"We have had 28 children live with us over the years and quite a few have been obvious cases of FAS," she says. "This is easier to spot than FASD or ARND, as it is recognised by characteristics such as a flattened bridge of the nose, varying degrees of thinness in the lips, a fold in the corner of the eye and various physical impairments depending on the level of alcohol they were exposed to, and the duration.

"ARND [and FASD] is harder to diagnose, as it doesn't become apparent until much later, and we had a child who we suspected had problems due to drinking during pregnancy, but the GP said there were no apparent signs of FAS. I agreed, as he had none of the facial characteristics but, while he met his milestones, when it came to school, there were all sorts of problems - from having no friends, not being able to deal with homework to being anxious all the time, unable to grasp simple concepts and really not flourishing at all. So I decided to do some research and realised that it was probably ARND."

This condition, according to the experienced foster mother, is similar to autism or ADHD and is often "misdiagnosed as such".

"There is so little awareness around FASD and ARND, and it is often only when children get older that the effects become apparent," she explains.

"And at this stage, it can be seen as too late to do anything about it, particularly when the child becomes 18, as they are literally left to their own devices but really need long-term care. So they will continue to have issues regarding boundaries for safety, anxiety, behaviour and generally not being able to do the things they should be doing at their age -and too often this then leads them down a path they might otherwise never have got onto."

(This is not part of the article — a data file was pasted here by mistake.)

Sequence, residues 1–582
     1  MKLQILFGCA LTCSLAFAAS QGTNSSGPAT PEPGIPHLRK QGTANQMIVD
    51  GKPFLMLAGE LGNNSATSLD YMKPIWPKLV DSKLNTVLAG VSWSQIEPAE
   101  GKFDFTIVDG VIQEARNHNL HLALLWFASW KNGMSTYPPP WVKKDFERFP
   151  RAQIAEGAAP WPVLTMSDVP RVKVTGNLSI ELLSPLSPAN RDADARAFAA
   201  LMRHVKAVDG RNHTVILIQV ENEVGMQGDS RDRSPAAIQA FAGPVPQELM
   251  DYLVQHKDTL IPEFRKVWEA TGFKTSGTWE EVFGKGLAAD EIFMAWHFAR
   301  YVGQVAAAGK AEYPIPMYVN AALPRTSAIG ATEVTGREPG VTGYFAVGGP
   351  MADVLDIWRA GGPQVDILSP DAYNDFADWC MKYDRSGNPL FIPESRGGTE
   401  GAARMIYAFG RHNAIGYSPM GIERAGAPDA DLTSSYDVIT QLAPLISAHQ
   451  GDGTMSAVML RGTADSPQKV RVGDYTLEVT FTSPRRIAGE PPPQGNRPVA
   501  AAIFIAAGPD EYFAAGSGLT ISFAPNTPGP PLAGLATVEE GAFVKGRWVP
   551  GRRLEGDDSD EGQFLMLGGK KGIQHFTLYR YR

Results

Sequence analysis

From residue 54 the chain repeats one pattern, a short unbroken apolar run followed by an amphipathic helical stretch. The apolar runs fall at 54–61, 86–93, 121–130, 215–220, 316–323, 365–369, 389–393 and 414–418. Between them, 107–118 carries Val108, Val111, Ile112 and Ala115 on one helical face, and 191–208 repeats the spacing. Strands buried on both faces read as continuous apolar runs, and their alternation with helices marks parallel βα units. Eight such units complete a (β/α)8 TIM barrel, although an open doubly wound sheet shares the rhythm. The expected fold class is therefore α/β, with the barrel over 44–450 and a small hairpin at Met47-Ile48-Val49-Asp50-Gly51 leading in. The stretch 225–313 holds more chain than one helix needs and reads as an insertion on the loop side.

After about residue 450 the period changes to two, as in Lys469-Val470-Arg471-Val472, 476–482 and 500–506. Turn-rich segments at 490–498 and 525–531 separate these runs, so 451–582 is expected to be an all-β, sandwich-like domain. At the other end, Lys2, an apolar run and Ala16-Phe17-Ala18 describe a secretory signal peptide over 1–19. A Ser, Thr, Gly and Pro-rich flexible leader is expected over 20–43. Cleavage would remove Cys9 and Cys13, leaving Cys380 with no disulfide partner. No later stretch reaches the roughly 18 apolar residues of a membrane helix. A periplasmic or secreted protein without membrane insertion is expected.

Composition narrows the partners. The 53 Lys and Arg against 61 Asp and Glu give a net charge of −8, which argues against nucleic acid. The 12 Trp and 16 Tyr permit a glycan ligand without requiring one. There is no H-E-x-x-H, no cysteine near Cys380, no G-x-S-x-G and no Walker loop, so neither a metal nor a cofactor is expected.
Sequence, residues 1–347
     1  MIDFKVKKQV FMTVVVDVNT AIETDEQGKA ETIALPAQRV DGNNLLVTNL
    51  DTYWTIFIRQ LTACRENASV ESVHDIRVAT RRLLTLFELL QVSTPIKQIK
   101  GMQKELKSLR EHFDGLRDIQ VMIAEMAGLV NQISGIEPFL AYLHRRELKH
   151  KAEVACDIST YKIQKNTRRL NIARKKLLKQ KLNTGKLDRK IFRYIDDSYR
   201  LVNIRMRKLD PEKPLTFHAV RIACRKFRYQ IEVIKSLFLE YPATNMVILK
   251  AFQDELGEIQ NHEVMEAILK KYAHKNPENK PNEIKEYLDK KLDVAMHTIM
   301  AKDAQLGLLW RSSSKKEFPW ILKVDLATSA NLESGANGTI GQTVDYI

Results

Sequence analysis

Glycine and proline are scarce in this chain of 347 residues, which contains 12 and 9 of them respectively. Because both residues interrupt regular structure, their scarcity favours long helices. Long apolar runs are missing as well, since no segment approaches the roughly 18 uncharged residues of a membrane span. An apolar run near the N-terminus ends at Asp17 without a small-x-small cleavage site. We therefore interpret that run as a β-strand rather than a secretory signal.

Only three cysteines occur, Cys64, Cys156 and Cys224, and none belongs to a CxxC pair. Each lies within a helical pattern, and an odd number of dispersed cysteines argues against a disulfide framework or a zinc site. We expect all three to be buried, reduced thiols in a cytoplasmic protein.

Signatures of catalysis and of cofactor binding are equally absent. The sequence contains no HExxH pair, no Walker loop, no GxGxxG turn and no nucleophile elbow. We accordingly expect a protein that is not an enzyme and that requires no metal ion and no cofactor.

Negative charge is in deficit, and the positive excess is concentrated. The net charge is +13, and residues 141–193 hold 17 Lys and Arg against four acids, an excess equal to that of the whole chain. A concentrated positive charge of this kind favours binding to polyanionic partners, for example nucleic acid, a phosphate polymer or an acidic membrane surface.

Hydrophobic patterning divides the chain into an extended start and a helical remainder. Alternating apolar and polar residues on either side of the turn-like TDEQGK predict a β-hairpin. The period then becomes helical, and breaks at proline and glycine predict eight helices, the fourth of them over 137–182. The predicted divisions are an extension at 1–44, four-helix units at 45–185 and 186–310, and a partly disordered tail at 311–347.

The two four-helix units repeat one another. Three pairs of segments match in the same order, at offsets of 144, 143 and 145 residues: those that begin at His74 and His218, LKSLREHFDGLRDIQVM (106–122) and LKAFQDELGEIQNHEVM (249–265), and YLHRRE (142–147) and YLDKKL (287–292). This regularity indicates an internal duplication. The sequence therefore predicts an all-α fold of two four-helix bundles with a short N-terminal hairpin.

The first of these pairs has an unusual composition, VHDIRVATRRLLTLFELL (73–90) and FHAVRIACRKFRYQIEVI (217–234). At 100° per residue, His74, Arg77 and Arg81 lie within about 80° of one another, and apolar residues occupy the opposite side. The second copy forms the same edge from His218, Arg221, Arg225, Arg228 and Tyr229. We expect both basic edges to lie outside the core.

Dr O'Mahony agrees. "FASD is associated with physical, mental, educational, social and behavioural difficulties," she says. "This can lead to a breakdown in family relations, disruption of schooling and, as an adult, unemployment, homelessness, alcohol and drug abuse, and coming into conflict with the law.

Children with FASD are over-represented among children in State care and many end up before the courts and in prison. They have diminished awareness of the consequences of their actions and have difficulty adhering to rules and structure. Standard conditions of parole pose a challenge, resulting in recommittal to prison - like a revolving door."

Looking after your own children is difficult enough, but Michelle says that when caring for children from often "dysfunctional families" who are not your own, there is a limit to what can be done. But she says by making people more aware of the dangers of alcohol while pregnant, many would not intentionally put their unborn babies at risk.

"Being a foster parent, I am always somewhat compromised because I don't have complete autonomy," she says. "I have to get permission from the local authorities and either the parent or legal guardian before I can get further help for a child who is suffering from something like FASD.

"And, of course, it is a really delicate subject, as some mothers have no idea that they are damaging their child by drinking and, to be honest, I think there is a real failure on behalf of the Government to act and make people aware of just how dangerous alcohol can be to an unborn baby. They have been able to take the lead out of paint and hammer home the message about smoking, so why are they not telling people the truth about what alcohol can do?"

And, indeed, Dr O'Mahony says this is something that International FASD Day aims to achieve. "The aim is to raise awareness towards the prevention of FASD," she says. "We need to make the healthy choice an easier choice for pregnant women. Given that it is a social norm to drink alcohol - including during pregnancy - it will not be an easy choice. However, we must all strive to make it easier for pregnant women and those planning a pregnancy."